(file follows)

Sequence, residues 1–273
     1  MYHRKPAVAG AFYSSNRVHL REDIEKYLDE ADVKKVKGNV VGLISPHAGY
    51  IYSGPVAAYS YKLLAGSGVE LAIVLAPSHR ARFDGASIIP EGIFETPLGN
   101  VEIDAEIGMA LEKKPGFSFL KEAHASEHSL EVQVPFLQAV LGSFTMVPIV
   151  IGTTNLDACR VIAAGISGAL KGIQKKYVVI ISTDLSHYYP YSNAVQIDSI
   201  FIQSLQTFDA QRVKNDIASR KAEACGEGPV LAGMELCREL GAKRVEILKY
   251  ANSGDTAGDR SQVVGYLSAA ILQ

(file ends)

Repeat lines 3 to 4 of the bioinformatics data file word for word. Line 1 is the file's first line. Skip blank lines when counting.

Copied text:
    51  IYSGPVAAYS YKLLAGSGVE LAIVLAPSHR ARFDGASIIP EGIFETPLGN
   101  VEIDAEIGMA LEKKPGFSFL KEAHASEHSL EVQVPFLQAV LGSFTMVPIV